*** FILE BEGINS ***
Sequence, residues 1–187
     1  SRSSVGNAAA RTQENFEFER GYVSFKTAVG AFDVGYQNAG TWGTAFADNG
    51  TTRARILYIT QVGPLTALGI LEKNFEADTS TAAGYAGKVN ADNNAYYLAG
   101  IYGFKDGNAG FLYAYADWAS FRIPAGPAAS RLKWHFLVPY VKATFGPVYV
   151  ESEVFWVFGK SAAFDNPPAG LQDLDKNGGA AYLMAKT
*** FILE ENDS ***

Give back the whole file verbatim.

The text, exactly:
Sequence, residues 1–187
     1  SRSSVGNAAA RTQENFEFER GYVSFKTAVG AFDVGYQNAG TWGTAFADNG
    51  TTRARILYIT QVGPLTALGI LEKNFEADTS TAAGYAGKVN ADNNAYYLAG
   101  IYGFKDGNAG FLYAYADWAS FRIPAGPAAS RLKWHFLVPY VKATFGPVYV
   151  ESEVFWVFGK SAAFDNPPAG LQDLDKNGGA AYLMAKT